FIG. 5 schematically depicts an area of injured tissue after multiple injections of a platelet composition. In one embodiment, the composition is injected into the injured tissue between a first unobstructed blood vessel 404 and a second unobstructed blood vessel 406 parallel 402 to an existing blood vessel. The composition is injected into multiple injection sites 410, 420, 430, 440 and 450 resulting in the diffusion of injectate several millimeters to centimeters from the injection site. The injected composition diffuses such that, if multiple injections are approximately 2 cm apart, the composition forms an overlapping field. For example, composition 412 is injected at injection site 410 and diffuses as depicted in FIG. 5. Further, composition 422 is injected at injection site 420 and diffuses and intermingles with composition 412. This is repeated at injection sites 430, 440 and 450 such that compositions 412, 422, 432, 442 and 452 form a continuous overlapping field. In this embodiment, compositions 412, 422, 432, 442, and 452 are the same composition, in a non-limited example autologous platelet gel. In another embodiment, more than one composition can be injected into a treatment site.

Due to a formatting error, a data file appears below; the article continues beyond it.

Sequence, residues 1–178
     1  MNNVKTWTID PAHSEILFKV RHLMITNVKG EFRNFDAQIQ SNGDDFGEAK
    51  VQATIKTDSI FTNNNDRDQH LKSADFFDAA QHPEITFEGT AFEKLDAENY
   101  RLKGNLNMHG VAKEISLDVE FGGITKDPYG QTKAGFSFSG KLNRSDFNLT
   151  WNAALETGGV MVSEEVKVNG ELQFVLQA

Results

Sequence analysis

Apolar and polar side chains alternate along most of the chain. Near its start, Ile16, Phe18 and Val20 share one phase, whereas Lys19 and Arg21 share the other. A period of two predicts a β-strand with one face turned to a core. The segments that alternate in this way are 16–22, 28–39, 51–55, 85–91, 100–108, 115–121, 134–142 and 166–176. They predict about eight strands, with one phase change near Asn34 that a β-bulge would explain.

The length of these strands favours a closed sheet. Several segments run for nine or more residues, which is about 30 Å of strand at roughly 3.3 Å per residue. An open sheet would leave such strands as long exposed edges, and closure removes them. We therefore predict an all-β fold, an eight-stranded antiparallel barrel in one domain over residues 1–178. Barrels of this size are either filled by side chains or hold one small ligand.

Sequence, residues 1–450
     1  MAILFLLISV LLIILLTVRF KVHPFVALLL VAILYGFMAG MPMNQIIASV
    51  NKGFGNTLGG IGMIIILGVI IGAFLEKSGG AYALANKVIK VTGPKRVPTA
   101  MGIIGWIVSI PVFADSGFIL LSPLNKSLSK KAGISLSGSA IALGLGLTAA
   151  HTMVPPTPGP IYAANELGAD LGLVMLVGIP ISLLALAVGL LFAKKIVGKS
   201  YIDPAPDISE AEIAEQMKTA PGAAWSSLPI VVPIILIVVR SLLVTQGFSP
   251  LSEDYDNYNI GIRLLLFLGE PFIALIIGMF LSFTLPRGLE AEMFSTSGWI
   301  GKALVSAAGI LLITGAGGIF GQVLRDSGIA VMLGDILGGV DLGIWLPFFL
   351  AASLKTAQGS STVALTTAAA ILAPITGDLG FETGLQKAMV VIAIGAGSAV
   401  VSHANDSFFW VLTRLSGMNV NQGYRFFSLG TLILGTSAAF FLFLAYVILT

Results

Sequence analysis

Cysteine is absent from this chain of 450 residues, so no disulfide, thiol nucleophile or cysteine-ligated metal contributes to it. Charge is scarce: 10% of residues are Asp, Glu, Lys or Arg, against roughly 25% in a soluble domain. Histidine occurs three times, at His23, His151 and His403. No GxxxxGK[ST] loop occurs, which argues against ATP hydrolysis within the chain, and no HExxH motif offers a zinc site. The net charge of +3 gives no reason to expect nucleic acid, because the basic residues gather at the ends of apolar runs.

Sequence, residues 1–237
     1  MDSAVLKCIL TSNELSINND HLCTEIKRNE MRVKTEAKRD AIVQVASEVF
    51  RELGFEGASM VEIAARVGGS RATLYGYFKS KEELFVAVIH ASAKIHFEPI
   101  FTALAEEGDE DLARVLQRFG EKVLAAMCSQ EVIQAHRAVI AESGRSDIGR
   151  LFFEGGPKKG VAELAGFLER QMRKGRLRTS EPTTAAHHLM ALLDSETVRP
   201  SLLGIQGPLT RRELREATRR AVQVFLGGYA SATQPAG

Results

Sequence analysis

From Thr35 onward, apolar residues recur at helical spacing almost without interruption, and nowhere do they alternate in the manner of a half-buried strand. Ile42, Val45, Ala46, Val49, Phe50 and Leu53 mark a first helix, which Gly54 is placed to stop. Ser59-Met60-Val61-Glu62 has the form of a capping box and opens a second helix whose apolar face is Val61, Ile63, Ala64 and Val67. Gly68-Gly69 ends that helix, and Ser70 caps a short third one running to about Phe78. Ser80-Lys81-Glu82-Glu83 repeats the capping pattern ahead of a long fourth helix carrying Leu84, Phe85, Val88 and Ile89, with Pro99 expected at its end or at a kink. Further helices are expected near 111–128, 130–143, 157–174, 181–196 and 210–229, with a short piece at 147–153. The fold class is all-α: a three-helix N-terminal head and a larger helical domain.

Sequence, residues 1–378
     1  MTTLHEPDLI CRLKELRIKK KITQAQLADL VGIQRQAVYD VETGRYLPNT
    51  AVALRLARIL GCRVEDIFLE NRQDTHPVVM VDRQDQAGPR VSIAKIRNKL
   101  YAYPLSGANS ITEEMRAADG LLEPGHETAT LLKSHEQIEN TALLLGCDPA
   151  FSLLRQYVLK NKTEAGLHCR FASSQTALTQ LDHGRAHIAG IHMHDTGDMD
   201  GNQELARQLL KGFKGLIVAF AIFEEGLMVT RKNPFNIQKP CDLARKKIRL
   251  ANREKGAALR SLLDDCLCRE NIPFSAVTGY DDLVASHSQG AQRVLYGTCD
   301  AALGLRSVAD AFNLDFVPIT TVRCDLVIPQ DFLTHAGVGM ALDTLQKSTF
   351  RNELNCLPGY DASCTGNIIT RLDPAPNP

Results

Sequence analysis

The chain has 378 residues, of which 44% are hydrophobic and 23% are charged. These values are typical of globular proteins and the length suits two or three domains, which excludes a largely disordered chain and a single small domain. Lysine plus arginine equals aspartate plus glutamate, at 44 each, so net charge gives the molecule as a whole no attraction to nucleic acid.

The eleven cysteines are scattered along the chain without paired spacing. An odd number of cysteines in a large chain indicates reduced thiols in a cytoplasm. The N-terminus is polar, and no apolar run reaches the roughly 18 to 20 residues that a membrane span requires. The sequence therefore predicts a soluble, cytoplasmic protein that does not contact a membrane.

The location of the delivery can vary based on the size and shape of the injured and/or ischemic region of tissue. In at least one embodiment, the composition is delivered only into the injured tissue, while in other embodiments the peri-injury zone around the injured region is treated, and, in at least one other embodiment, the composition is delivered into only the healthy tissue that borders an injured region. In other embodiments, the composition may be delivered to any combination of the regions of injured tissue, tissue in the peri-injury zone, and healthy tissue. The composition may be delivered to healthy tissue within a patient lacking ischemic tissue, for example, to enhance muscle vascularity.